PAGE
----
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Gen. Merritt's Indian Expedition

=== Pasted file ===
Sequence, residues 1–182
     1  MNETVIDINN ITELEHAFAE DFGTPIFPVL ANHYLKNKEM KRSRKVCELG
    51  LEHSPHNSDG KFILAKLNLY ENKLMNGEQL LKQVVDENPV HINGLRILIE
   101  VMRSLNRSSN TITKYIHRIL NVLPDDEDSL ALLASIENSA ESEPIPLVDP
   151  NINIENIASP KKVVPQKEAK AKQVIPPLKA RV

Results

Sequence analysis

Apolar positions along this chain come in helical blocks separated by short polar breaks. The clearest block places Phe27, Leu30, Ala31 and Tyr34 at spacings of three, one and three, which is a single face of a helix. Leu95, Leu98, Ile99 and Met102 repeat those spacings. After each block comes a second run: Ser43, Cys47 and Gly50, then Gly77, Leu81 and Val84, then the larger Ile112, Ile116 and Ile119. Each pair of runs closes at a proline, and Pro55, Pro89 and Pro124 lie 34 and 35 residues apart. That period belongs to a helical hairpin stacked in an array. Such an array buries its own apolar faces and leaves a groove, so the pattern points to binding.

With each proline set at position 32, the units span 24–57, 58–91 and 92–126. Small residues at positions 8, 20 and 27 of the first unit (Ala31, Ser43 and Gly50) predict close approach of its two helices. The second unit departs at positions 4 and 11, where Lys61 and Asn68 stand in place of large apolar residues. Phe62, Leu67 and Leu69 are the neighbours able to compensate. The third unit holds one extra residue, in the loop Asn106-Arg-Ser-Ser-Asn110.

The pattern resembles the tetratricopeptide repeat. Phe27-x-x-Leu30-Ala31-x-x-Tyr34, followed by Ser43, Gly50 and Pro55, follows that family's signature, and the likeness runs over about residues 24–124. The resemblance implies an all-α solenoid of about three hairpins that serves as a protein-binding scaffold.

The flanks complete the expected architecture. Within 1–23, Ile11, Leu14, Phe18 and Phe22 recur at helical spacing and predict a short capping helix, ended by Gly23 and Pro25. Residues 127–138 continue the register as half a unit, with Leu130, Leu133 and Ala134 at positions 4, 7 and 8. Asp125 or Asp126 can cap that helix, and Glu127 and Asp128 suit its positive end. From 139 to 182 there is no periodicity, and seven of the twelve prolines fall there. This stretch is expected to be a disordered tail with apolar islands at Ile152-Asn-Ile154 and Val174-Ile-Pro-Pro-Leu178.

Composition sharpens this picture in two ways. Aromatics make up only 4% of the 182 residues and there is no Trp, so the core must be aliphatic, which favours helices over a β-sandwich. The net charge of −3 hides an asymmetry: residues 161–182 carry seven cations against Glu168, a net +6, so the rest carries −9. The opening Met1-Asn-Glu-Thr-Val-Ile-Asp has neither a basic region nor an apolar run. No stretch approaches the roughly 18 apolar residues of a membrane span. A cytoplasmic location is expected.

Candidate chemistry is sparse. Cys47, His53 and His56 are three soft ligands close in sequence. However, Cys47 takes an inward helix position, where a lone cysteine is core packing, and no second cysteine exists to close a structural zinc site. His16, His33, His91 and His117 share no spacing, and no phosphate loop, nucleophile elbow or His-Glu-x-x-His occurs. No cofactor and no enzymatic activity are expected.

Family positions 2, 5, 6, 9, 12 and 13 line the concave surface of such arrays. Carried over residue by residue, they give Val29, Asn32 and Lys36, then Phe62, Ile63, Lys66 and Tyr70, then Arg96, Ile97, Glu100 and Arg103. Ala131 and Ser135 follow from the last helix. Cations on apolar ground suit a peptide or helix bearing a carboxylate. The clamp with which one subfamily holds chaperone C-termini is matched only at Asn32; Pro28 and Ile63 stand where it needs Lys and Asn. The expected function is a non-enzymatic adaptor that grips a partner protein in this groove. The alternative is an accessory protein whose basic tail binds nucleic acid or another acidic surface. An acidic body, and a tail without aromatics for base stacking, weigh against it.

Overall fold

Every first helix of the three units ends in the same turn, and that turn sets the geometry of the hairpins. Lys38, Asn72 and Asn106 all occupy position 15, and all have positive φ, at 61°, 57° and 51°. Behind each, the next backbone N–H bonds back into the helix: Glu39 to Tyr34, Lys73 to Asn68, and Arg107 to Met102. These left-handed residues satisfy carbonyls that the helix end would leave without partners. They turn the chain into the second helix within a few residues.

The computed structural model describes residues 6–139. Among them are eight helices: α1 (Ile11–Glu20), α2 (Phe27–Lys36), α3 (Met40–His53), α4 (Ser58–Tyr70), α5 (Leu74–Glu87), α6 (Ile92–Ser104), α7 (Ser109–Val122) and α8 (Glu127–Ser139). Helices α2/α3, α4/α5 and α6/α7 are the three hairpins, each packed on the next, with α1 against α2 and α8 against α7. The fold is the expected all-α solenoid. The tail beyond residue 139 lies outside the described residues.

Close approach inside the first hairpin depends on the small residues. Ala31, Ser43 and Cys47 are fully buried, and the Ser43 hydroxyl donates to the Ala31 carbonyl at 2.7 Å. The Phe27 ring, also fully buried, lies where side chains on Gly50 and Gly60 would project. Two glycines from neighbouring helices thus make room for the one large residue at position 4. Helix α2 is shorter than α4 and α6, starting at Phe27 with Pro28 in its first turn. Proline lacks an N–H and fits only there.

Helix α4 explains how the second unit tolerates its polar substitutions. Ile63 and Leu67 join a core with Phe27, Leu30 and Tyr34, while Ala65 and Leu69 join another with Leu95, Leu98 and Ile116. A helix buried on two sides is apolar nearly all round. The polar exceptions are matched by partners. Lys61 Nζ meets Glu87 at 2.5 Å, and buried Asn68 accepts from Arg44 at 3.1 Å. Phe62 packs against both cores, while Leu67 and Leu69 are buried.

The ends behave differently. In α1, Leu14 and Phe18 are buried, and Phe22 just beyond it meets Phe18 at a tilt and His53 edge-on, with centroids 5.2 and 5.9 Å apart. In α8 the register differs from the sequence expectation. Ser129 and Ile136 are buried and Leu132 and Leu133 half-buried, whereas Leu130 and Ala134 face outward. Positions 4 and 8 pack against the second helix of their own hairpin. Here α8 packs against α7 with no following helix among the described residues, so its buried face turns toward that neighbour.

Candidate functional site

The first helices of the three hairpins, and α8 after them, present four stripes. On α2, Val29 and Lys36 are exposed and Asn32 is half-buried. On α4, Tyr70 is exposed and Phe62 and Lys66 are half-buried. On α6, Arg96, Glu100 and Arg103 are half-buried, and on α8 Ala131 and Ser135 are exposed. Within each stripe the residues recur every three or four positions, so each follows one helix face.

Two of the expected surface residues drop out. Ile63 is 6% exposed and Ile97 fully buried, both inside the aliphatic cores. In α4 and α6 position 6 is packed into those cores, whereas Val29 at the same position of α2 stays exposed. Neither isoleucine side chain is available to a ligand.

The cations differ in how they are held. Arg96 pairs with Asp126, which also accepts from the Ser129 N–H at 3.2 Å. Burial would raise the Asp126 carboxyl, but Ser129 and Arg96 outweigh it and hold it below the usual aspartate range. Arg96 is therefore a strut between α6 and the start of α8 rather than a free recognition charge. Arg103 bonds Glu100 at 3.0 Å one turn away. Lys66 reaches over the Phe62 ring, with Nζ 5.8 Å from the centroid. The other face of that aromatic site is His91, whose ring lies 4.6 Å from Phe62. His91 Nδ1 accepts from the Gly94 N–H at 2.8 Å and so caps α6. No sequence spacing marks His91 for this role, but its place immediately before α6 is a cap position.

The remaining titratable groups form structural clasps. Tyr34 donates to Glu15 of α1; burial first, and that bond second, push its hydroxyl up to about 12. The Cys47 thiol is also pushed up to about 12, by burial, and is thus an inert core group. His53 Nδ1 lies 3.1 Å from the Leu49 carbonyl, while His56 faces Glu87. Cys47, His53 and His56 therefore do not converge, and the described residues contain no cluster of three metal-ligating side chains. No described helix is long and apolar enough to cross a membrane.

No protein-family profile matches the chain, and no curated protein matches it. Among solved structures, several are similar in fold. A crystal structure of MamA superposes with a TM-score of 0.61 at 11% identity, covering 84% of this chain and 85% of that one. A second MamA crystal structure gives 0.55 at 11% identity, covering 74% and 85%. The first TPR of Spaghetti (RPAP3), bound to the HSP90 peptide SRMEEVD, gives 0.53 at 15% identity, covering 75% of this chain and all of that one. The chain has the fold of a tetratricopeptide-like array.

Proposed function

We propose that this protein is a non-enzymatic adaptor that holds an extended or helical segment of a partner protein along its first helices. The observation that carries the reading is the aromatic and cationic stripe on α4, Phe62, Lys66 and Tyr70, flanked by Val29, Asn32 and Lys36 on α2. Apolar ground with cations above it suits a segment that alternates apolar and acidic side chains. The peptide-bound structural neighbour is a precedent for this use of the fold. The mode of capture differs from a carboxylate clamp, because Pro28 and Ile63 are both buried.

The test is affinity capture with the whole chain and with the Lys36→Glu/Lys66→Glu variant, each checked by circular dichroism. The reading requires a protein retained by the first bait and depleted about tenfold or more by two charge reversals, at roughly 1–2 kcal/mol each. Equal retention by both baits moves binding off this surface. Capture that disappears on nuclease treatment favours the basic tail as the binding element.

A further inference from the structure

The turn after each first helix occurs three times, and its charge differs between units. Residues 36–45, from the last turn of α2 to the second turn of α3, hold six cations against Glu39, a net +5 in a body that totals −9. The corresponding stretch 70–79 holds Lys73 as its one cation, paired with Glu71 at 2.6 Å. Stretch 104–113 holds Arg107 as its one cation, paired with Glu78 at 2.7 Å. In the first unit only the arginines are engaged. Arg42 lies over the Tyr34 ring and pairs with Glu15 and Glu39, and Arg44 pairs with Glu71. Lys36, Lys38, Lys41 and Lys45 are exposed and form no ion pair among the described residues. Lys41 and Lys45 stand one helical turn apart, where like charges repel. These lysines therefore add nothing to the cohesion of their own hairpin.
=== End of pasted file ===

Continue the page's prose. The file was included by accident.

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A dispateta from Rawlins, Wyoming Territory, on Monday last gives som further particnlars of the massacre a White Riverof Agent Meekerand oth ers by the Ute Indiana. Two oourier had just arrived at Rawlins from Ui ageney, bringing the latest newa f ron Gen. Merritt's expedition. Gen. Mer ritt advanced upon the ageney on th llth inst. On bis way he found nianj dead bodies, among others the body o Cari Goldstein, an Iaraelite who lef here with government supplies for th Utes at Wlnte River ageney. lie was found in a gulch six miles this side o the ageney, shot twice through the Bhoulder. He was abont two mile from liis wagons. The body of a team ster named -Tulius Moore, formerly from Bainbridge, Mass., who was witi him when he left here, was foum about 100 yards from Goldstein's body With two bullet holes in the breast anc the body hacked and mutilated wit] knife and hatchet. As the command advanced tlirougl the canyon they carne to the oíd coa mine. In it was found the dead body of an ageney employé named Dresser He liad evidently been wounded anc crawled in the mine to die. Ilis coa was folded up and placed under his head for a pillow. Beside him lay a Winchester rifle containing eight cart ridges. On entering the ageney a scene of quiet desolation presented itself All the buildings excepting one were bnrned to the ground, and not a living thing was in sight except the command. The lndians had taken everything except the iiourand decamped. The women and children were missing and nothing whatever could bt found to indícate what became of them Tliey either have beenmurdered anc buried or else taken away as hostages Their dreadf ui and unmentionable fat calis forth the 'most profound sympothy. The dead body of Father Meeker was found 100 yards from his house lying his back, shot through the head. The left side of his head was smashed in by some blunt instrument A piece of a barrel stave was driven nto kis mouth and bis hand 'and arm uadly burned. ïhe dead body of A tl. Rost, Father Meeker's assistant was found between the building and ;he river, a bullet-hole through the left ear and one under the ear. He and Father Meeker were stripped entirely naked. The body of another employé named Eaton was found dead, stripped laked, and a bundie of paper bags in lis arms. Ilis face was badly eaten )y wolves, and a bullet hole in his left )reast. The body of Frank Dresser, brother to the man found in the coal nine, was found badly burned. He lad, without doubt, been killed instanty, as a bullet had passed through his leart. The bodies of Eaton, Thompson, Priee, Eskiidge and all the other imployes not námed were also found. iskridge's body was found two miles ,his side of the agency naked, and a )ullet hole through the head. In the position occupied by the In[ians during Thornburgh's battle, in a treastwoik made of stone, was found he dead body of an unknown white nan, dressed in buekskin, sitting on iis knees, his gun In position to fire. Ie was shot through the forehead. fromtbis it appears that the Indiana are not alone in their hellish work. .'he supposition is that the Indians ïave gone to the south to join the bouthern Utes. The impression among he ofllcers of Merritt's command is hat the Indians who fought Thornburff numbered at least 700. Col. Merritt telegraphs tlie military ead-quartera under date of Oetober i substantiaJly as follows: "Tliis íorning I moved down the river to a loint oear White Iliver agency. Tlie avalry have been out allday in differnt directions looking for Indians, and eport tliat the trails lead southery to Grand river. I have little doubt liat tlie Indians have gone to tlie Unompagna agency. Expect Gilbert and [enry to-morrow, and will then move oward Grand river, leaving a guaní ehind. I have buried seven bodies tere, including Agent Meeker's, and :iree on the road. Am entirely in oubt respecting the force tlie liostiles an muster. It is clearly ascertained ïat all the Unita Indians joined the ütes before the Thornb.urgh iight. If rders are to go to southern agency nd fight wliat we meet, I shall be lad to carry them out, but hope the nstructions will not be delayed." Col. lerritt regrets exceedingly the great mount of military supplies sold these ndians byranchemen. Tndian reports brought in from the gency by Los Pinos Utes say that ;57 adians were killed daring the light of ie 29th or September and the siege ntil October 5, the date of Gen. Meritt's arrival. On Monday Gen. Slierman at Washngton telegraphed Gen. Sheridan as 'ollows: The honorable secretary of ie interior has this morning called with a digpatch conveying a proposiion for peace, which is communicated or your Information, and should go 'or what it is wortli to Gens. Crook ndMerritt. The latter.on the. spot, an teil if the hostiles have ceased ghting. If so Gen. Merritt should o, in any event, to the agency, to asertain the actual condition of the 'acts. All the Indiana who oppose must be cleared out of the way if they esist. If they surrender their anus nd ponies, they should be held as risoners,to be disposed of by superior rders. The secretary of the iü'ïeriar nli tíend a special agent at once to Ouray, who is believed to be honest and your friend. He may prevent the southern Utes from being involved, and the interior department can bofriend hiin afterwardby showing favor to some of his special friends. But the murderers of the agent and employés must be punished, as also those who fought and killed Maj. Thornburgh and men. The depth of tho water in the gorge below Niágara Falls lias just been measured for the iirst time. The swiftness of tlie stream had baftled all prevíüus efforts, but a corps of Government engineers accompliahed the feat. They embarked ín a amall boat not far below the falls. Au old guide accompanied party. With gieat difficulty they approached within a short distance oi' the American falls, which darted great jets of water on them. The roar was so terrible that no voice or sound could be heard. The leadsman cast the line, which rapidly paased down 88 feet. This was near the ahora Passing out of the friendly eddy which had enabled them to get so near the falls, they shot rapidly down stream. The next cast of lead told ofl 100 feet, deepening to li)2 feet a little further down. The average depth to the Swift Drift- where the river snddenly becomes narrow, with a velocity too great to be measured - is 153 feet Just under the lower bridge the whirlpool rapids set in, and so violently are the waters moved that they rise like ocean waves to the height of 20 feet. At this point they computed the depth at 210 feet. The Canada thistle is not a native of Canada, bilt introdueed there by the Ilessians during the revolutionary war of the United States. So the Jerusalem artichoke is not a native of Palestine, but of Brazil, and it is said has oever been noticed in PaleStine. .